The Esquires - I still love you

                                                               Pg 90


Reviews for chapter 18

Michael Howard - "the partially calcified mass of white pimpled bumps on a sticky
layer of virescent leather" I don't even know what the hell I'm reading and I love it!



                                                 This review was posted on Aug/2622

                                           Lameez' review

  Beta-Read Report for 'The Embryo Man and Other Tales of Woe - Chapter 18'

                                    Beta Reader: Lameez Rushin (Lameezisreal)



                                    This review was posted on Oct/9/22

                                  nehanegi1905 's review
The Embryo Man and Other Tales of Woe: Chapter 18 -
The olde greenhouse

                                    Reader's Report by nehanegi1905



                                       This review was posted on Oct/24/22

                                                iqrabashir871 's review
The Embryo Man and Other Tales of Woe: Chapter 18 -
The olde greenhouse

                                              Reader's Report by Iqra




                                         This review was posted on Nov/3/22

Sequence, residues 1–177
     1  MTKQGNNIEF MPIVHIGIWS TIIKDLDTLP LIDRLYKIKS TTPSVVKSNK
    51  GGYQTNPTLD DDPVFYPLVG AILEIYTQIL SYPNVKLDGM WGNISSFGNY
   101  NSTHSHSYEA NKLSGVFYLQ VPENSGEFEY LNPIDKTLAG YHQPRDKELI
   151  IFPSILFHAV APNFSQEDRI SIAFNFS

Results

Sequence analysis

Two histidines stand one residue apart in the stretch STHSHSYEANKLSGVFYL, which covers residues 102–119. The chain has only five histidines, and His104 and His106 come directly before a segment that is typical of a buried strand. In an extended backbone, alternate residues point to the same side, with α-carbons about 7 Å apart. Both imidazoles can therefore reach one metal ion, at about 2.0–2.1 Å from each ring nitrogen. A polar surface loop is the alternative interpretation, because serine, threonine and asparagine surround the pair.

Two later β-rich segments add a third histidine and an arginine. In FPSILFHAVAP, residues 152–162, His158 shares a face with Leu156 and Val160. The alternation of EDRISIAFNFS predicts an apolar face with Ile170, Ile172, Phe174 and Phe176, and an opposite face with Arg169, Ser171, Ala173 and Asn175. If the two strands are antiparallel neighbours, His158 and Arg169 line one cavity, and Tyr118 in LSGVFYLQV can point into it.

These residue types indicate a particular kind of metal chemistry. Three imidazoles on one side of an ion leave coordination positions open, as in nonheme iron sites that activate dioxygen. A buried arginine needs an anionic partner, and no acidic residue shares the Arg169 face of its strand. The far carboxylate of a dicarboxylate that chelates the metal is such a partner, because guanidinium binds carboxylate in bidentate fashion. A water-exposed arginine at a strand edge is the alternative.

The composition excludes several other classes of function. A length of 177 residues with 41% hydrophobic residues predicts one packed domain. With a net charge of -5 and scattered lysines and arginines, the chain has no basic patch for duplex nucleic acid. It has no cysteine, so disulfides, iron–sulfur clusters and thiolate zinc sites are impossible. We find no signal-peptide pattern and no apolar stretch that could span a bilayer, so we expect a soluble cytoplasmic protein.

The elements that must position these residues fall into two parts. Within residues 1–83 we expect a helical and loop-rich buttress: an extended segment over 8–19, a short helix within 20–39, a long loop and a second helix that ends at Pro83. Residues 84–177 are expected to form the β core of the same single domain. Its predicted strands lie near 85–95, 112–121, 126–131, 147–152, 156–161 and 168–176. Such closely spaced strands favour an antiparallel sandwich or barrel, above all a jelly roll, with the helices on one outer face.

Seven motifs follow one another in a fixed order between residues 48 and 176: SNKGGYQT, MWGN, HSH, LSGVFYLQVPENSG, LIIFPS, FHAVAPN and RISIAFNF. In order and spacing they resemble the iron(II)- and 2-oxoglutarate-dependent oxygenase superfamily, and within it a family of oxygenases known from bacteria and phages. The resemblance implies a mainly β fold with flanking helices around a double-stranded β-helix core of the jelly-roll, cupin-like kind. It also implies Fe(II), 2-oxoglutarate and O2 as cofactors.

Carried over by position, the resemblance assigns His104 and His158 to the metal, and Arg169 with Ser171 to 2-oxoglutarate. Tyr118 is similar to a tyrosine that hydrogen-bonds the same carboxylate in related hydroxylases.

alits29's review

             The Embryo Man and Other Tales of Woe: Chapter 18 - Reader Report

                               Beta Reader's Report by Alitha Igloria (alits29)




                                       This review was posted on Nov/21/22

                                                   Hajranoor's review

The Embryo Man and Other Tales of Woe: Chapter 18 - T
he olde greenhouse

                                            Reader's Report by Hajra





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PG 88) The Oligocene Gardens by Jacek Yerka -

PG 88) Bull-dogs by Charles Burton Barber (circa 1881) -

PG 89) Summer in a city
by Jacek Yerka -

PG 89) The Sargass sea bishop
by Jacek Yerka -

PG 90) The five and dime store, circa 1930's -

PG 90) Thomas Edison long style (replica) -